Characterization of Sex Hormone Binding Protein Alpha-Fetoprotein Production during Natural Sexual Differentiation and Endocrine Disruption

Presentation Number: SAT 258
Date of Presentation: April 1st, 2017

Joshua Philip Mogus*, Ciro Maurizio Amato and Krista Mccoy
East Carolina University, Greenville, NC

Abstract

The correct milieu, concentration, and timing of exposure to sex hormones are essential for normal development of sexually dimorphic tissue structure and function (e.g., penis vs. vagina). Alpha-1-fetoprotein (AFP), is a sex steroid binding protein produced by the fetal liver, that binds circulating estrogens with high affinity, regulating its transport to tissues. Despite its necessity for fetal steroid regulation, AFP has not been quantified throughout sexual differentiation in the mouse model, which limits our ability to fully understand and characterize the role that endogenous sex hormones play in sexual dimorphic development. In addition, a number of pollutants, called endocrine disrupting chemicals (EDCs), are known to alter steroidogenesis and receptor-ligand interactions. However, the way in which transport proteins, like AFP are altered by EDC exposure remains relatively unexplored. To address these deficits, we quantify fetal liver AFP concentrations, and bound and free sex hormone concentrations in the mouse via validated ELISAs during sexual differentiation (embryonic days (E) 14.5-17.5). In addition, we exposed pregnant dams during this same time period to the model EDC Vinclozolin (125mg/kg) and quantify liver AFP, and sex hormone concentrations in male and female fetuses at E17.5. We characterize sex specific AFP concentrations across time and between control and Vinclozolin exposed embryos and directly link AFP quantity with bound vs. free sex hormone concentrations. Understanding the dynamic nature between AFP and sex hormone binding across time in males and females as well as how these relationships are altered by EDCs will provide foundational information that will help redefine the mechanisms through which pollutants can alter endocrine function.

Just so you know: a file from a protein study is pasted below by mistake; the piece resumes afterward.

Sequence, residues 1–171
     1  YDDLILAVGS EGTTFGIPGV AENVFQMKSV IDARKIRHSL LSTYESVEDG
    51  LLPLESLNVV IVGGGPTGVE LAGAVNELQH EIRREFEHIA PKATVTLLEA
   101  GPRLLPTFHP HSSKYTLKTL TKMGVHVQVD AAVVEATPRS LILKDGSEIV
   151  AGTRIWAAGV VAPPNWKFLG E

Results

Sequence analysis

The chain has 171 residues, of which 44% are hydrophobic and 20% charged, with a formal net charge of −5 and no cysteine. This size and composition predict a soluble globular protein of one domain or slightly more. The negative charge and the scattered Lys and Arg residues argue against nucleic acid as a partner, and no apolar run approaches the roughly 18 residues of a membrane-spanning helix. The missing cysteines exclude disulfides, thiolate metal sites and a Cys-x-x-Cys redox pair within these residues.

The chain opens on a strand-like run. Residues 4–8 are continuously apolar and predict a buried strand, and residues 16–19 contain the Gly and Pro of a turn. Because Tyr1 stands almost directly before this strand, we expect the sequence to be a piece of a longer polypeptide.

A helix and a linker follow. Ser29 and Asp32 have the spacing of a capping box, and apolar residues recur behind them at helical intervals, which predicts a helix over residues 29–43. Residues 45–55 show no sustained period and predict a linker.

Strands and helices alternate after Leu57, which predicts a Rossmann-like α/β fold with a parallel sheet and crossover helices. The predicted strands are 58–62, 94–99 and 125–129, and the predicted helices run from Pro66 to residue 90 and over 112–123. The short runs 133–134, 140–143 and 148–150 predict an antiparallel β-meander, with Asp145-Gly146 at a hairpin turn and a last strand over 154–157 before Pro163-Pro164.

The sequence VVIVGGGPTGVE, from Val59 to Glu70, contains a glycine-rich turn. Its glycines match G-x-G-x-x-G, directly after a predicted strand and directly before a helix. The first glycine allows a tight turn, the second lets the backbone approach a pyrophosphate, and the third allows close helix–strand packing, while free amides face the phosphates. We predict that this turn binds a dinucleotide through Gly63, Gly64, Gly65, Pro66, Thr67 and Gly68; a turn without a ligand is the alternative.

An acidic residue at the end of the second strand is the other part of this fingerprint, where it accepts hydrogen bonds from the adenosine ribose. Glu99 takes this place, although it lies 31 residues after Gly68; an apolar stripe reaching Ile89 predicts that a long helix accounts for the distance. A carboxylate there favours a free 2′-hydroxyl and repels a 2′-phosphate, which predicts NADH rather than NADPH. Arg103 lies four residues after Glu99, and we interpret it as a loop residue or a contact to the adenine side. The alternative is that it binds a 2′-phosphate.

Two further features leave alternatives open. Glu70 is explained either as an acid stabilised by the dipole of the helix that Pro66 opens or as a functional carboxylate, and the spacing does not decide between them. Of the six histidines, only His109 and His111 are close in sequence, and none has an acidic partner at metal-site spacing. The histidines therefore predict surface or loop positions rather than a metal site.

Nothing to Disclose: JPM, CMA, KM